The One-Shot Library Instruction Survival Guide

Overview

Faced with planning a one-shot library instruction session, librarians can feel hard-pressed to squeeze in all their library has to offer along with tips on the research process. Authentic learning with student interaction may seem unattainable in only an hour. But it's not. The keys are communicating clearly with the course instructor, developing a realistic plan, and employing effective teaching strategies. With more than 30 years' combined experience in teaching information literacy, Buchanan and McDonough ...
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Overview

Faced with planning a one-shot library instruction session, librarians can feel hard-pressed to squeeze in all their library has to offer along with tips on the research process. Authentic learning with student interaction may seem unattainable in only an hour. But it's not. The keys are communicating clearly with the course instructor, developing a realistic plan, and employing effective teaching strategies. With more than 30 years' combined experience in teaching information literacy, Buchanan and McDonough invite librarians to turn everyday challenges into instruction that is meaningful and relevant for students, supplying the knowledge and tools to make it happen.
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Editorial Reviews

VOYA, August 2014 (Vol. 37, No. 3) - Mary Ellen Snodgrass
A grimly unappealing monograph, Buchanan and McDonough’s guide lacks humor and pragmatism. A didactic tone overwhelms the subject matter, as evidenced by the pedantic section on assessment. Modeling is so brief under “Active and Experiential Learning,” “Who Can Help,” “Role Play,” and “Games” that the entries are counterproductive. It is dismaying to find the American Library Association publishing so arid an instruction manual. Reviewer: Mary Ellen Snodgrass; Ages adult professional.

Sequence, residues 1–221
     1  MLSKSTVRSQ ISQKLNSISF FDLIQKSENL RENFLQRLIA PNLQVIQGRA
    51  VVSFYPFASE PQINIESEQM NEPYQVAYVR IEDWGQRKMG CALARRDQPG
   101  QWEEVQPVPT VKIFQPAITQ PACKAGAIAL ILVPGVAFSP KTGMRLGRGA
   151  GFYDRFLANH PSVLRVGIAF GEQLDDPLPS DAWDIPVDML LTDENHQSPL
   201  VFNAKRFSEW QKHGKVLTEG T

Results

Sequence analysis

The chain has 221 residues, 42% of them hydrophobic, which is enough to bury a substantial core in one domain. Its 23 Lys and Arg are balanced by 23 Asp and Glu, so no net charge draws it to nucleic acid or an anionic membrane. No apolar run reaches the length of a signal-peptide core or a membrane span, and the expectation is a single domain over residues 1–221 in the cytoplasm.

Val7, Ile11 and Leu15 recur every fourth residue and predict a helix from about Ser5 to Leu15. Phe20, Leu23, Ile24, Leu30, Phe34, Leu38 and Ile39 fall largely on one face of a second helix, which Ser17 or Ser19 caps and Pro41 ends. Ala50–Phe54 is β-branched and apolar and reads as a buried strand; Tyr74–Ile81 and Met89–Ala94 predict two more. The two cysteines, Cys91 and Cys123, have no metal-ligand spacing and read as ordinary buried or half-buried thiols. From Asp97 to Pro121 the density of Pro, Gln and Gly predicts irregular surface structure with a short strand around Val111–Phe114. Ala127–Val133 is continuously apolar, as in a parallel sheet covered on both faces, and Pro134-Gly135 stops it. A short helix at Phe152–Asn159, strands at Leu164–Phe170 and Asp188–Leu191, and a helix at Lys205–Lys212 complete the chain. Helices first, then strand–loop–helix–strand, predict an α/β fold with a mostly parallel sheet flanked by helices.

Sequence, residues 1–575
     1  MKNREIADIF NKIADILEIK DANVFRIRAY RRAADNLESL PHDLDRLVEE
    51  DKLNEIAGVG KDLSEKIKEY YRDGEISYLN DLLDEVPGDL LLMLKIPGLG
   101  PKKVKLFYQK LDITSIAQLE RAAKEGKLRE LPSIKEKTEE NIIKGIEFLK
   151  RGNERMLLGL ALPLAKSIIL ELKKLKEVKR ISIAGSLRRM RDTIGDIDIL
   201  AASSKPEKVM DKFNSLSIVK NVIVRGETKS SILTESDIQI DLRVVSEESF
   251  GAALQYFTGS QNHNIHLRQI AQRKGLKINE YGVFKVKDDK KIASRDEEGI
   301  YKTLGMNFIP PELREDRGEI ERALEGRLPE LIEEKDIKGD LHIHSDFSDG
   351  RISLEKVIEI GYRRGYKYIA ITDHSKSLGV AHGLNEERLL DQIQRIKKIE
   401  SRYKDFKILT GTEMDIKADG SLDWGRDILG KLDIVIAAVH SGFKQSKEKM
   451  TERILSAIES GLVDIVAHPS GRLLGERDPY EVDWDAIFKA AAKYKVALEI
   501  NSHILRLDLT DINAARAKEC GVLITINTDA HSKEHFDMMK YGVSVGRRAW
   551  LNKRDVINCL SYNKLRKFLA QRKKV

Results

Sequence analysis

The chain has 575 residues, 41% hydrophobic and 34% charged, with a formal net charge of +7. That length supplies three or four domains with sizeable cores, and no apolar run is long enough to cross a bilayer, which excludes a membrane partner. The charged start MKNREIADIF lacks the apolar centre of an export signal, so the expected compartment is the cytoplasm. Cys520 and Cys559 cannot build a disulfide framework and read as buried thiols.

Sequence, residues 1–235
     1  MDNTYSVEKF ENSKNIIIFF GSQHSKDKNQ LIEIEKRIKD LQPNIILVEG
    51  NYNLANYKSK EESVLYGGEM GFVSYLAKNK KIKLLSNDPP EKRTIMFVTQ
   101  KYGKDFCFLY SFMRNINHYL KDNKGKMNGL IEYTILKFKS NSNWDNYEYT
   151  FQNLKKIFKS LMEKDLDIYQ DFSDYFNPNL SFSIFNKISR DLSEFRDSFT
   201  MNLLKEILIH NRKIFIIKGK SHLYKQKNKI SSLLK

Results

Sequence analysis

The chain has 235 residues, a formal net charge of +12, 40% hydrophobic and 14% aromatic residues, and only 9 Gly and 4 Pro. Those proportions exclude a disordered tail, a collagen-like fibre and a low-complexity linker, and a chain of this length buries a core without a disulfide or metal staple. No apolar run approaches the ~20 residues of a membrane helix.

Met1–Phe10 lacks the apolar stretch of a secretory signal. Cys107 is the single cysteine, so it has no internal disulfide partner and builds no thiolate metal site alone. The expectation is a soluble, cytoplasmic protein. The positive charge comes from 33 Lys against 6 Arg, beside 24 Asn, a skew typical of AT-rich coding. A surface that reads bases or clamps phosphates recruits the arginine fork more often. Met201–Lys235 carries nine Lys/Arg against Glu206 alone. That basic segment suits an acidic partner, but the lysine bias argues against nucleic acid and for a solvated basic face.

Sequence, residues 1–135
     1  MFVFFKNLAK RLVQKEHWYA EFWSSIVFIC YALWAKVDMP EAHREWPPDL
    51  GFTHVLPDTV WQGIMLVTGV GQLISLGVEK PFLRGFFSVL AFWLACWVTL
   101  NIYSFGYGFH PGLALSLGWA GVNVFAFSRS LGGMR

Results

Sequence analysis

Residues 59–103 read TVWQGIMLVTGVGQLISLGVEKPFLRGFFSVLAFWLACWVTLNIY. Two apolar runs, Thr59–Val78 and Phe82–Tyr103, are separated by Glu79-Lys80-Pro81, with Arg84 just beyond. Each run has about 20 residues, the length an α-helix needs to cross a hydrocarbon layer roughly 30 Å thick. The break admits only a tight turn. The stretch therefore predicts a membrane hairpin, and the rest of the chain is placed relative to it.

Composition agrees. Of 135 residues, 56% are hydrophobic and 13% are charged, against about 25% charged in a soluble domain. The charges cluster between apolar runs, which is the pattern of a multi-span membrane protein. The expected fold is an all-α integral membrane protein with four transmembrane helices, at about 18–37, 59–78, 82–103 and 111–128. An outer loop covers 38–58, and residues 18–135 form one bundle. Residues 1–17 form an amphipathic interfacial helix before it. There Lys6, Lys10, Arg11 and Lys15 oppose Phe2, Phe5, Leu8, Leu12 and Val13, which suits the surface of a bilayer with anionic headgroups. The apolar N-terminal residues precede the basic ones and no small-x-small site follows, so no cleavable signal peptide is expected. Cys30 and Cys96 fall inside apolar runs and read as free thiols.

Library Journal
10/01/2014
Buchanan (head of research and instruction services, Western Carolina Univ.; Magic Search) and her WCU colleague McDonough fill a gap in graduate programs' preparation of instructional services librarians by explaining how to make the "one-shot" library instruction session both relevant to the curriculum and worthwhile for students. Drawing upon their expertise in instruction and information literacy, the authors offer practical suggestions on developing collaborative relationships with academic faculty, which they identify as the foundation for "success as a teaching librarian." Acknowledging the limitations inherent in one-shot sessions, the authors discourage generic, tool-focused demonstrations. Instead, they promote conveying "threshold concepts" to students as building blocks in cultivating their research skills. One chapter addresses engaging students through active/experiential learning. Another tackles logistical problems with less-than-ideal rooms and equipment. Beverley E. Crane's How To Teach: A Practical Guide for Librarians (2013) and Patrick Ragains's Information Literacy Instruction That Works (2013) are among many recent books that focus on the theoretical base for effective teaching, but Buchanan and McDonough provide a practical resource by focusing on "the most common form of library instruction," the one-shot. VERDICT A solid guide for any librarian involved with information literacy instruction.—Betty J. Glass, Univ. of Nevada Lib., Reno
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Product Details

  • ISBN-13: 9780838912157
  • Publisher: ALA Editions
  • Publication date: 1/1/2014
  • Pages: 138
  • Sales rank: 365,979
  • Product dimensions: 6.00 (w) x 9.00 (h) x 0.30 (d)

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